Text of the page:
Tuesday, March 11, 2014

The Prince of Condé on Trusting in God for Military Victory

The Huguenot leader and general Louis I de Bourbon (1530-1569), or the Prince of Condé, exclaimed the following during the Battle of Jarnac:

My friends, true noblesse of France, here is the opportunity we have long wished for in vain! Our God is the God of Battles. He loves to be so called. He always declares Himself for the right, and never fails to succor those who serve Him. He will infallibly protect us, if, after having taken up arms for the liberty of our consciences, we put all our hope in Him. Come and let us complete what the first charges have begun; and remember in what a state Louis of Bourbon entered into the combat for Christ and for his native land![1]

Unfortunately, the Prince of Condé died in the battle, which the Hugeunots ultimately lost; God does not always grant His people victory in battle, but sometimes chastens them as a loving Father. Nevertheless, Condé's words have merit: God is indeed a God of Battles, and he can and often does grant victory to those who trust in Him. 


[1] Henry M. Baird, History of the Rise of the Huguenots of France: Volume II (New York: Charles Scribner's Sons, 1896), 302.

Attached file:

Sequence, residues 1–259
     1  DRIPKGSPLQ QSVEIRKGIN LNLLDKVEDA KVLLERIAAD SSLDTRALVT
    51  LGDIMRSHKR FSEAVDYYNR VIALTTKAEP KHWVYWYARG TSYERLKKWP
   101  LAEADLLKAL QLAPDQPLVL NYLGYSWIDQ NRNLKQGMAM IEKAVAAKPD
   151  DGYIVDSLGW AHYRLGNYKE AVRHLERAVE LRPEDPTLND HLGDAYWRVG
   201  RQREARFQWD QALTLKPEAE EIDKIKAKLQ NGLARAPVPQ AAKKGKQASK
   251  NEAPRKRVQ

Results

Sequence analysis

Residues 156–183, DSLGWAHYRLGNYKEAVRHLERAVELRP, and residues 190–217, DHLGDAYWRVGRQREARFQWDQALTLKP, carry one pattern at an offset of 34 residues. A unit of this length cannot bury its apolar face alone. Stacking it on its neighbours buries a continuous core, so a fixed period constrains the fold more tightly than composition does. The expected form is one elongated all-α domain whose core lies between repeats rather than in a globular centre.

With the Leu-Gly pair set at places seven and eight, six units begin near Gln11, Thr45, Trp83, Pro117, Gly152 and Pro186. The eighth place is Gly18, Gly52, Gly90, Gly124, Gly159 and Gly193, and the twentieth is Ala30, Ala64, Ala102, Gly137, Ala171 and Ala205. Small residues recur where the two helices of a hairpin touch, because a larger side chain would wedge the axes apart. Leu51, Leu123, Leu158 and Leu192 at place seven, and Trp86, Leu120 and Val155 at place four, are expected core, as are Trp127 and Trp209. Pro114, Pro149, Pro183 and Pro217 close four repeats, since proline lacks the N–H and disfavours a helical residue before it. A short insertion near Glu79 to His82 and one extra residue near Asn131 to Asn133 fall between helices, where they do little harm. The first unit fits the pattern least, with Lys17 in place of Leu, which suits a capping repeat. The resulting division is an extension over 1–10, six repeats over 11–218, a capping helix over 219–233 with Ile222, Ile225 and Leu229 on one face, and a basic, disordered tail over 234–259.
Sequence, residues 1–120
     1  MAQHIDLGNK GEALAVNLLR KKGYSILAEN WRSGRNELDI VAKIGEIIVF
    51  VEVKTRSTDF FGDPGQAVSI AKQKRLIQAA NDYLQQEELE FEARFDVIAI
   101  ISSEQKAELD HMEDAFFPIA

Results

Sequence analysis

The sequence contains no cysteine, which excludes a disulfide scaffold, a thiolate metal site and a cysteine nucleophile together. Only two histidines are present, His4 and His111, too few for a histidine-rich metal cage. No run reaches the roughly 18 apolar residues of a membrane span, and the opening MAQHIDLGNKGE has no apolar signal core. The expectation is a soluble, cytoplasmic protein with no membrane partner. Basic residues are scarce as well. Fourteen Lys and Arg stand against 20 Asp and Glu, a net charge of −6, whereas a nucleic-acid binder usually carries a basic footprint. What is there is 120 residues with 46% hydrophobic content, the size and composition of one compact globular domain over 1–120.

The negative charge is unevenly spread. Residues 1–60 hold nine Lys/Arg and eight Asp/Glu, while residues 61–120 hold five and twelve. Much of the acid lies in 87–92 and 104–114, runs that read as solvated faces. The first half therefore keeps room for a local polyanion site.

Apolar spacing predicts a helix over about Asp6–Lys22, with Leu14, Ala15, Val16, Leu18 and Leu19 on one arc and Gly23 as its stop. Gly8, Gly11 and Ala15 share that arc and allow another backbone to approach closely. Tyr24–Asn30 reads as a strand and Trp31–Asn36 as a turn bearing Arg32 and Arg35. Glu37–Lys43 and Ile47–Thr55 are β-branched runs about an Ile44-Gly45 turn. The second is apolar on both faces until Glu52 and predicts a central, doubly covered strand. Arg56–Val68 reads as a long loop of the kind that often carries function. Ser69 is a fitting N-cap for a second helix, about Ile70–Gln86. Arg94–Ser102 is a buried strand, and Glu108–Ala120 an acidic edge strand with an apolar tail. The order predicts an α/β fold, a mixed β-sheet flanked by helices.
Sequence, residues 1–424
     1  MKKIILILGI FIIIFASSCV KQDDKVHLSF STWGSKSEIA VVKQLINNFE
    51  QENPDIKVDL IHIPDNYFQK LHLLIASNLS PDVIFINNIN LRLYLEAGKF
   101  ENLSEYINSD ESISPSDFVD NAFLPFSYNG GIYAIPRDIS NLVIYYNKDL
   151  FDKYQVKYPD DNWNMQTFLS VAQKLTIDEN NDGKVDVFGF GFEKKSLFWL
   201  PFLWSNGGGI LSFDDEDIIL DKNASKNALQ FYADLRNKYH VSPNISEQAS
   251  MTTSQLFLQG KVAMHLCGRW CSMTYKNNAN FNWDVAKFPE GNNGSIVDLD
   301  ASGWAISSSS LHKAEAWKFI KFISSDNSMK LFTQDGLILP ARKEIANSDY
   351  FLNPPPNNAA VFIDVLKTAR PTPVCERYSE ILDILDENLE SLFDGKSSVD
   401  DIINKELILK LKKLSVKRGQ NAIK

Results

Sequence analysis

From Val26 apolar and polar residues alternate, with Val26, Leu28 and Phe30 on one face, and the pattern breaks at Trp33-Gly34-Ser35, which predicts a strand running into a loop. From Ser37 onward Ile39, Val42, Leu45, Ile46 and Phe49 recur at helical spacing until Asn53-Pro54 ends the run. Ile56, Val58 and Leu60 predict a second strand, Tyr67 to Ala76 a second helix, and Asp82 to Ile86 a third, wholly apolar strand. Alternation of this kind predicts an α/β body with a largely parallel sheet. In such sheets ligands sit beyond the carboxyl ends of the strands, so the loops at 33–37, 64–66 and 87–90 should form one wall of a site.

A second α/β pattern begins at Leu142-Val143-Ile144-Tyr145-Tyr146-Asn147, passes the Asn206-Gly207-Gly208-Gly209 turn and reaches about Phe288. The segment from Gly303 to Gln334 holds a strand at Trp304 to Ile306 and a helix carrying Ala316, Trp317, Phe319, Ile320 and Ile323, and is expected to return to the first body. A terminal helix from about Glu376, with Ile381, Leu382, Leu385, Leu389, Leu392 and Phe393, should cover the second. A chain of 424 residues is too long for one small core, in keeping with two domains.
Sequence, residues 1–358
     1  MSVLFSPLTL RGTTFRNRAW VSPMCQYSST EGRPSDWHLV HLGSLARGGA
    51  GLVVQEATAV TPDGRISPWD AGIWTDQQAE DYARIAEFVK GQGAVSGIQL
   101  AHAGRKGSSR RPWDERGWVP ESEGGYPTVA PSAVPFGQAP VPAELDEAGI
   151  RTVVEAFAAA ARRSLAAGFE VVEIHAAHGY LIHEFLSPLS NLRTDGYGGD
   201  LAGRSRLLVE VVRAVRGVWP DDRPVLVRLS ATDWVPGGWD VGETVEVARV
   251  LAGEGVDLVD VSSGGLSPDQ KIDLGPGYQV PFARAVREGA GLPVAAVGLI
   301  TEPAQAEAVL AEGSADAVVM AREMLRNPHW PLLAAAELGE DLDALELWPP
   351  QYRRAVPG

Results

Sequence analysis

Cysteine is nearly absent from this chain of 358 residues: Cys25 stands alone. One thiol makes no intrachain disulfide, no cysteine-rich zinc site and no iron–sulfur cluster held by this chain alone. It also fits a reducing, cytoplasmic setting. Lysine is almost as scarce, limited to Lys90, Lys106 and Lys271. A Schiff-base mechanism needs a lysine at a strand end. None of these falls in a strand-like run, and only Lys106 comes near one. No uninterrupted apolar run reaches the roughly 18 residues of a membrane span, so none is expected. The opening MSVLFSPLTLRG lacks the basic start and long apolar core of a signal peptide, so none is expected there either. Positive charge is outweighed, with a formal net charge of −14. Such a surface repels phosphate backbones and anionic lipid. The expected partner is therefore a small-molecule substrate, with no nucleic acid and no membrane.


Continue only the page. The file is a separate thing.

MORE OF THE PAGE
Anonymous said...

I appreciate the article. It's the first I've heard of this godly believer! Please tell me though how this is evidence of trusting God for victory in military battle? I honestly don't get it. He apparently was trusting God for military victory but He wasn't granted military victory. Do you have some other testimonies from History in which God actually granted victory in military battle? Just askin'

Steve C. Halbrook said...

The last paragraph notes that God doesn't always grant victory, but sometimes chastens His people. God, of course, is sovereign over all, so whoever wins a battle is granted victory by God for one reason or another. As for God granting victory to His people, the Old Testament has many such examples. A good example for more recent times is Oliver Cromwell's undefeated New Model Army.

Scolaris Legisperitus said...

The Battle of Jarnac was more a moral victory for the catholic party than a decesive military «haut fait».

The order to attack was given to early to the huguenot cavalry who engulfed itself deep in the catholic ranks and was decimated.

Condé was injured and took off his gloves as a sign of surrender. In knightly culture (aka Rules of War in that epoch) this ment he was out of the fight, but he was assassinated by the men of Henri III.

Most of the huguenot infantry and cavalry did not even see combat and Amiral Coligny was able to perform a sound retreat with the bulk of the calvinist troops.

Condé's death in battle was not vain, for even if the huguenots lost more battles than they won, the very fact that they were able to gear up armies on the battlefield was enough to force the catholics to grant them a series of edicts recognizing their right to exist.

Scolaris Legisperitus said...

Erratum : most of the huguenot infantry and *artillery* did not see combat at Jarnac.

Steve C. Halbrook said...

Scolaris Legisperitus, good point - "the very fact that they were able to gear up armies on the battlefield was enough to force the catholics to grant them a series of edicts recognizing their right to exist."